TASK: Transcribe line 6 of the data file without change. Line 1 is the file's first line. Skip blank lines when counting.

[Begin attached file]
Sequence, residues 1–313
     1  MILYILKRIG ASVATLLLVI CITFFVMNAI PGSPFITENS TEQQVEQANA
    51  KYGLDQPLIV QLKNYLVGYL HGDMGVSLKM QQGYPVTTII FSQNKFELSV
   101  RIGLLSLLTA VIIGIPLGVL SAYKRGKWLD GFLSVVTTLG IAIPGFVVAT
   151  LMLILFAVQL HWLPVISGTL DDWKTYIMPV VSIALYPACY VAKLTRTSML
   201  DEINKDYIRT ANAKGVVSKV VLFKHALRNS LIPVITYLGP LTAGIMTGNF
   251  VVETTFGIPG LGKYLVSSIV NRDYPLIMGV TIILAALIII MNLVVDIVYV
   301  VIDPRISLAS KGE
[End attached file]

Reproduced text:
   201  DEINKDYIRT ANAKGVVSKV VLFKHALRNS LIPVITYLGP LTAGIMTGNF